LDC Debt Cancellation

There is absolutely without question that debt cancellation is desperately needed for many HIPCs. (Highly Indebted Poor Countries) Debt in many LDCs (Lesser Developed Countries) is causing a perverse transfer of prosperity from impoverished peoples to their creditors. Over the years of 1981 through 1987, less developed countries paid approximately $1. 5 trillion U. S more in debt service than they received in new loans. In 1995, the countries of Latin America had a total external debt burden of more than $600 billion.

These debt payments, and the structural adjustment conditions imposed by creditors, exacerbate inequalities among nations, which are resulting in the deaths of many innocent people and overall disfigurement of many LDCs economical development. Majority of the debt that still burdens many of the LDCs today, can be retraced back to the end of the 1970's when many oil-exporting countries had large amounts of extra money (also known as Petro dollars) because of the price of petroleum skyrocketed on the world market.

This money was then invested into Western banks and financial institutions, which in turn loaned a lot of that money to Third World countries for big development projects. In many cases, these projects failed and many countries were not able to repay their owns loans back. Several factors caused the size of these debts to start growing very fast. These factors include rises in world interest rates, global recessions, poor economical decisions, political corruption, and the low commodity prices of main exports.

Keep in mind all these loans must be paid in hard currency, which LDCs don't have because their dollar is relatively weak. A country like Zambia for instance is the exact prototype on an LDC. Like many other developing nations, Zambia borrowed heavily in the 1970's hoping to develop its economy and infrastructure. This could not be done without injections of large amounts of money. Zambia like the rest of the world could not foresee the economic collapse of the 1980s and now owe collectively as a country more than 6. 5 billion or about 165% of their GDP.

The worst part being in debt as a nation is the impact it has on its people. In Zambia, most people don't have enough food to eat. These people are falling behind a nutritional poverty line that was about 70% in 1996. Child malnutrition increased from 39% in 1991 to over 50% in 1995. Life expectancy at birth in 1995 was 45 years, compared to 47 years in 1990 and 50 years in 1980. It is evident that a country like Zambia can no longer keep operating at the same pace as it is at the moment. The Zambian people are suffering the repercussions for mistakes that were made way before most were even born.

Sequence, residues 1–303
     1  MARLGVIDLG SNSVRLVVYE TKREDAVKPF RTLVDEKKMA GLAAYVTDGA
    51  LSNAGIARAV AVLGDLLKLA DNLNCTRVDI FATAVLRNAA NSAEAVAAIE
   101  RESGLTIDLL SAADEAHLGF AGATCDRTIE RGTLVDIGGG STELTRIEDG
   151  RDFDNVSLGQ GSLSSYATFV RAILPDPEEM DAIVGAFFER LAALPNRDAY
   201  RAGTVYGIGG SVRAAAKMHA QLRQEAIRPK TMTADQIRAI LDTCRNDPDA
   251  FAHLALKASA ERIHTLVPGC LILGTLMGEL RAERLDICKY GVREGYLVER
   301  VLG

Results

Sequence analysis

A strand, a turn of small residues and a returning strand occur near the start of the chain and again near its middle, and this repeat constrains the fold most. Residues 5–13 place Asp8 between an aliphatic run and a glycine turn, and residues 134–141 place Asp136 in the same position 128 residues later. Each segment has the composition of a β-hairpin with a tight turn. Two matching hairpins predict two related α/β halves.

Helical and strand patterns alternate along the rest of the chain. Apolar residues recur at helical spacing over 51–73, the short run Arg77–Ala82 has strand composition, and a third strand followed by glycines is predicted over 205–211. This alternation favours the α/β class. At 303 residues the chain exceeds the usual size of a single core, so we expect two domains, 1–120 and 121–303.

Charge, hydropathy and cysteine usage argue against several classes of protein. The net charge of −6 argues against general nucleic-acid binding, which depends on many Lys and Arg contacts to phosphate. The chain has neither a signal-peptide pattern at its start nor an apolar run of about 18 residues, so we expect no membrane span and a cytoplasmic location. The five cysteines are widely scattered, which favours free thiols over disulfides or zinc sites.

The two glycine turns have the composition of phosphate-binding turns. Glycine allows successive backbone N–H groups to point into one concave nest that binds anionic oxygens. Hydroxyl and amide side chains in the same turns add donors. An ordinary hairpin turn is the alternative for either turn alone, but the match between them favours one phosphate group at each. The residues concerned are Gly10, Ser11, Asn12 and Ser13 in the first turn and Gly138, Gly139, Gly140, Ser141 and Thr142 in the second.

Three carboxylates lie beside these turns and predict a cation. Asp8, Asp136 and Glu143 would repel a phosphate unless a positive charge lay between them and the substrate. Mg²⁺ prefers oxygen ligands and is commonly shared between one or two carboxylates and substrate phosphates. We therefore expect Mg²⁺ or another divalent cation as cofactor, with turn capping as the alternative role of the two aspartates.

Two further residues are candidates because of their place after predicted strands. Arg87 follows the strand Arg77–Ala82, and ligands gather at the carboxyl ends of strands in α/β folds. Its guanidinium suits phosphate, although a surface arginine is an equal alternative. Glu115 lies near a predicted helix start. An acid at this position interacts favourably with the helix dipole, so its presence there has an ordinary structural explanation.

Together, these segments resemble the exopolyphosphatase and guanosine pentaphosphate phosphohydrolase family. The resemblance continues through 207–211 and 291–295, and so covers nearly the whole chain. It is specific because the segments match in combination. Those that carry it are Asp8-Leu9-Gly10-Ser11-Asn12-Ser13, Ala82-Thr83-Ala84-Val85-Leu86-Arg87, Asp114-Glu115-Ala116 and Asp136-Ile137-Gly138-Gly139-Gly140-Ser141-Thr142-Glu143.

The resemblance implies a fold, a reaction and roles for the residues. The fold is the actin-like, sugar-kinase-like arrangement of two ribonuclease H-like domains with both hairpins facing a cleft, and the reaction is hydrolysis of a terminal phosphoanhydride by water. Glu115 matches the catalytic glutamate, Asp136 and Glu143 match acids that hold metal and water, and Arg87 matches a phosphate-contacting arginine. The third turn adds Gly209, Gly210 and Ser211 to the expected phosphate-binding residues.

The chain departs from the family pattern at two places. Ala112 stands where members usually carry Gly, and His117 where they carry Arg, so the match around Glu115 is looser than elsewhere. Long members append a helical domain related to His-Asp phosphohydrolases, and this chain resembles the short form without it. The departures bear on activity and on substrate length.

Majority of LCD's spend more on debt payments to Western banks and financial institutions than they actually do on social programs like education and health care. A country like Zambia for instance is trapped in a cycle of economic under-development to the very extreme. A quarter of its annual budget of $800 million goes to repay foreign creditors. Zambia needs to spend a minimum of $25 per person annually on health care; it spends less than $3. Zambians are forced to. The only question is, how can this change?

The only solution to situation like this is to cancel Zambia's debt. Canceling their debt would allow them to rejuvenate their economy and free up some much needed finances, so that social services like education and health care can be restored. With this money, the government could also adequately supply enough food for the populace to flourish. Canceling LDCs debt is the appropriate approach to take in order to help millions of impoverished people around the world. Another alternative to canceling debt is the restructuring of a countries debt.

Although, this s a disingenuous approach only because prolongs the enviable and does not provide a long-term solution to the problem. Structural Adjustment Programs or better known as SAPs, only hinder a countries future progress because it deprives a countries of their most marketable commodities. In the late 1980's the IMF implanted an outrageous SAP forcing Zambia to privatize their most lucrative resource, their copper industry. Zambia also had to cut tariffs and subsidies to local industries, exposing them to world competition

Even with these measures the IMF considered to be beneficial between 1990-1996, the GDP registered a negative growth averaging -1. 1%/year. This just goes to show that without a countries most lucrative asset, economic growth for any LDC is impossible. Third world debt claims hundreds of lives daily by forcing debtor nations to spend several times more on debt repayments than on the basic health, education and sanitation needs of their populations. Despite this, most developing nations are not even making a dent in the interest that has accumulated, let alone the debt itself.

Meanwhile, developing countries are forced to deplete their natural resources in order to repay their loans, rather than being able to use them to develop their own economies. The canceling of debt would wipe many slates clean all over the world and give an opportunity to millions of people to live a higher standard of living . If third world debt is canceled, every LDC will still be poor, but at least they will have a fair shot at a higher quality of life and a future that brings optimism rather than obscurity!